The head of the U.S. attorney's office in Philadelphia that prosecuted Allentown Mayor Ed Pawlowski said Friday the mayor's conviction on corruption charges shows he is unfit for office and should resign.
Whether Pawlowski could go to jail before his sentencing on corruption charges is still an open question, a spokeswoman for the office said Friday.
Prosecutors and Pawlowski's attorney are scheduled for a conference March 9 with U.S. District Judge Juan R. Sanchez, where they will discuss the terms of the mayor's release. He was allowed to go free on bond, as he has since his indictment in July, after a federal jury in Allentown delivered a 47-count guilty verdict Thursday evening.
Asked in a news conference Friday whether Pawlowski should resign his office, "My understanding is that the court is going to be addressing this later with the mayor," U.S. Attorney Louis D. Lappen said.
Lappen called for Pawlowski to give up his post after his convictions for conspiracy, bribery, attempted extortion, fraud and making false statements to the FBI.
"What we learned from the jury's verdict in this case is that this mayor was unfit to serve as mayor before he was convicted and he's certainly unfit to serve as mayor now," Lappen said.
"He should resign," he said. "It would be the smart thing for him to do."
Pawlowski's attorney, Jack McMahon, reached by phone Friday, reiterated remarks he made immediately after the verdict, saying it is premature for Pawlowski to make such a decision.
"Last night was a complete shock and surprise to the mayor," McMahon said. "Decisions will be made and give him some time to make the right decision for himself, for his family and for the city."
Lappen made the remarks in a news conference with prosecutors Anthony Wzorek and Michelle Morgan and the head of the office's anti-corruption division, Rich Barrett. Also present were several FBI investigators, including Special Agent Scott Curtis, who led the investigation of a pay-to-play scheme directed by Pawlowski and his campaign operatives.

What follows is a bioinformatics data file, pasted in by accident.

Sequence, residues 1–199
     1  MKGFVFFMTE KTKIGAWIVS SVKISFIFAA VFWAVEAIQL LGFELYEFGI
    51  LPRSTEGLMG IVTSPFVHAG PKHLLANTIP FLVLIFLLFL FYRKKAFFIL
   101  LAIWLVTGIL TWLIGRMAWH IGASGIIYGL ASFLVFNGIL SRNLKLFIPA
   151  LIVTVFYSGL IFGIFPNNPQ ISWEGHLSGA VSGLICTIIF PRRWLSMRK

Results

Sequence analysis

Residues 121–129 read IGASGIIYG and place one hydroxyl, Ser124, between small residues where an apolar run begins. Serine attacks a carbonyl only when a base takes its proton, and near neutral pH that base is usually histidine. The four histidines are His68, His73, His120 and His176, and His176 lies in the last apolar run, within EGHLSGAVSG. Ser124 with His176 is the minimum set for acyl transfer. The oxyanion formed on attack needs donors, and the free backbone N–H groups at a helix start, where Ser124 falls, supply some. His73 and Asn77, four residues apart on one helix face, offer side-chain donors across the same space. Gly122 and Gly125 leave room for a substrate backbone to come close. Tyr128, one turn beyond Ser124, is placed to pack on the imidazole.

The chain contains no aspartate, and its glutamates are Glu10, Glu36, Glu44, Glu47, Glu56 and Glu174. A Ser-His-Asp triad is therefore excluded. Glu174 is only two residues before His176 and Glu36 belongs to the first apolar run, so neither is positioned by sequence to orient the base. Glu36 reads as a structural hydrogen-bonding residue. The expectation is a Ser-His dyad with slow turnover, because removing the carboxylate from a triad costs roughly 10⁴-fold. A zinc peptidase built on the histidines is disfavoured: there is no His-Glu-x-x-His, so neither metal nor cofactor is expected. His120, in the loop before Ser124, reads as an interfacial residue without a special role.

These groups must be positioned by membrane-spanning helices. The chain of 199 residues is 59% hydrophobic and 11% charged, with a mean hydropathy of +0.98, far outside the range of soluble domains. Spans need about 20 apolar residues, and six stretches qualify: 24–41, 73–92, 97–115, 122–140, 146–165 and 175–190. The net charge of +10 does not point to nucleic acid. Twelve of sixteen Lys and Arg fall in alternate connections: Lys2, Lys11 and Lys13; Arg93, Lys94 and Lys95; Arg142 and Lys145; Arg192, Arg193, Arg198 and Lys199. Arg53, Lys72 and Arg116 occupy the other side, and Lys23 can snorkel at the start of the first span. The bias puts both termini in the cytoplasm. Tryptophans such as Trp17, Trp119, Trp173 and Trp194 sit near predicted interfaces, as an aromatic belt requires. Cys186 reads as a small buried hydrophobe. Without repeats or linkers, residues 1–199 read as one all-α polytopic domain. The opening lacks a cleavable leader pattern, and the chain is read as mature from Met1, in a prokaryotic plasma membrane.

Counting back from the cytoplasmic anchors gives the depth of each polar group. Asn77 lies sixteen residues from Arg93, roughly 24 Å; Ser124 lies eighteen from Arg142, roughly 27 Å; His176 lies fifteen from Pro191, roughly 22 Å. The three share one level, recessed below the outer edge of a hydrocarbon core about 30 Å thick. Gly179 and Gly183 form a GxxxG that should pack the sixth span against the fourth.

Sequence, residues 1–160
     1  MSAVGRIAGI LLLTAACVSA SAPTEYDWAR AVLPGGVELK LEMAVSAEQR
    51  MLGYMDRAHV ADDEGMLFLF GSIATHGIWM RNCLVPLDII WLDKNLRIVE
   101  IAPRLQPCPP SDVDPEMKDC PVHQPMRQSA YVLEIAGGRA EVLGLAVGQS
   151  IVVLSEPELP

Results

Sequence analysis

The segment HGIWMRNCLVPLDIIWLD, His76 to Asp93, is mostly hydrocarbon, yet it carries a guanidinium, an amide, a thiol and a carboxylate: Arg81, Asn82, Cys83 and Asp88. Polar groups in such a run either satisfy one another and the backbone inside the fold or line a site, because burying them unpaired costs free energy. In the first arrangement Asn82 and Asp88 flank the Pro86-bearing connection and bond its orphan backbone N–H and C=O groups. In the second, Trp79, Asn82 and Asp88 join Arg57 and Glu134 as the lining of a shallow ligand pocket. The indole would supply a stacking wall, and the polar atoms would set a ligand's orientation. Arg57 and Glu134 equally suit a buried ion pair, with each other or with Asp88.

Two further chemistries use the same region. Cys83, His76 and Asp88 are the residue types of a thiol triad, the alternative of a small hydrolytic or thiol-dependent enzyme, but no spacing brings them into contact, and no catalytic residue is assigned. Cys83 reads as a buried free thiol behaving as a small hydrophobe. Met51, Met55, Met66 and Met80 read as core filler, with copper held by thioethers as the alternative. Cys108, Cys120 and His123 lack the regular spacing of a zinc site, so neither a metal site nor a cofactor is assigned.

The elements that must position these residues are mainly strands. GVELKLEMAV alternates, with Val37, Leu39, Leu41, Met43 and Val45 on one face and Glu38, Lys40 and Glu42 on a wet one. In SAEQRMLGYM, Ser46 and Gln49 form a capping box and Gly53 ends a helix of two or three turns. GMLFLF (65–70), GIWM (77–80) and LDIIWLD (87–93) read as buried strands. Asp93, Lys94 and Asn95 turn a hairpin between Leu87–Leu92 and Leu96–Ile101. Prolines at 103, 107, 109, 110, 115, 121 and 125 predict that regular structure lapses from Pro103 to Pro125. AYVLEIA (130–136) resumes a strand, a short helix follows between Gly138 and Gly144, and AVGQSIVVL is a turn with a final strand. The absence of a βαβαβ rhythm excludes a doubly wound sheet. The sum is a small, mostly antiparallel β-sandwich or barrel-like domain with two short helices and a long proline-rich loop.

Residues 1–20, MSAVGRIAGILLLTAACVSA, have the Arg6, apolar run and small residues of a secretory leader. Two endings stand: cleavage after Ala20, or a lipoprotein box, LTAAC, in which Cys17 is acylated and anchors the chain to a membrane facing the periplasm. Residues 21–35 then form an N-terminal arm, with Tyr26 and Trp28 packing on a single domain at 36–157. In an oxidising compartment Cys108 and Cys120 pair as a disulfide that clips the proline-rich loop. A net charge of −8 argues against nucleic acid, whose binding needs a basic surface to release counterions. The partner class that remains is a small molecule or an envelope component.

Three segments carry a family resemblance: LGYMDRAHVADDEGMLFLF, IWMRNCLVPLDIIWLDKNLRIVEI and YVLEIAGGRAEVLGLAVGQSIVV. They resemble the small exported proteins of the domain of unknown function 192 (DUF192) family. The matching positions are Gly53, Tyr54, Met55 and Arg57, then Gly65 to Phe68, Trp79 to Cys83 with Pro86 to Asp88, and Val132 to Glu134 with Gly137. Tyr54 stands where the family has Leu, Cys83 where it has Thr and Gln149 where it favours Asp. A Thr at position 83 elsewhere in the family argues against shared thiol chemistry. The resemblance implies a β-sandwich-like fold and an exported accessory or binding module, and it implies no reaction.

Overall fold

Lappen said he hopes the conviction brings a dose of reality to elected officials who would abuse their offices and noted that Pawlowski, his co-defendant and the 10 others who have admitted guilt in the Allentown case join a regional pantheon of those convicted of public corruption, including former Philadelphia Congressman Chaka Fattah and former Philadelphia District Attorney Seth Williams.
"The public officials who commit these crimes do so with an incredible sense of arrogance," Lappen said. "They think that their position entitles them to pilfer whatever they can from the system for their own benefit."
The special agent in charge of the FBI's Philadelphia field office, Mike Harpster, said Pawlowski's arrogance was evident in a recording of him speaking to campaign manager Mike Fleck, in which he said, "You can only get indicted for the s--- you say out loud, so don't say s--- out loud."
"Fortunately, all the while, us and our partners were listening," Harpster said, referring to the wire taps and body wires Fleck and his employee, Sam Ruchlewicz, wore after the FBI confronted them with evidence of their crimes.
Harpster said stopping public corruption is the FBI's No. 1 priority and each case the agency investigates and takes to prosecutors is a "little nick in that Liberty Bell we call democracy."
"Local democracy failure leads to state failure, which leads to national failures," he said.
After the news conference, Lappen said that while Pawlowski's conviction is significant for Allentown and can be seen as a deterrent to public officials across the nation, it doesn't have a significant effect on the state of anti-bribery law, which has been in flux since the U.S. Supreme Court overturned the bribery convictions of Virginia Gov. Bob McDonnell and his wife in 2016. The court narrowed the definition of what is an official action taken in exchange for a bribe.
Following the decision, several bribery convictions were overturned, and the prosecution of U.S. Sen. Robert Menendez, D-N.J., ended with a hung jury. Federal prosecutors opted to dismiss the case after several of the charges were dismissed in a decision that cited the McDonnell case.
Pawlowski's crimes — rigging contracts, soliciting bidders for money and pressuring city officials to favor donors — were unquestionably official actions, the prosecutor said.
"I don't think this is a case that was on the borderline of what are official acts," Lappen said.
PHOTOS: Ed Pawlowski through the years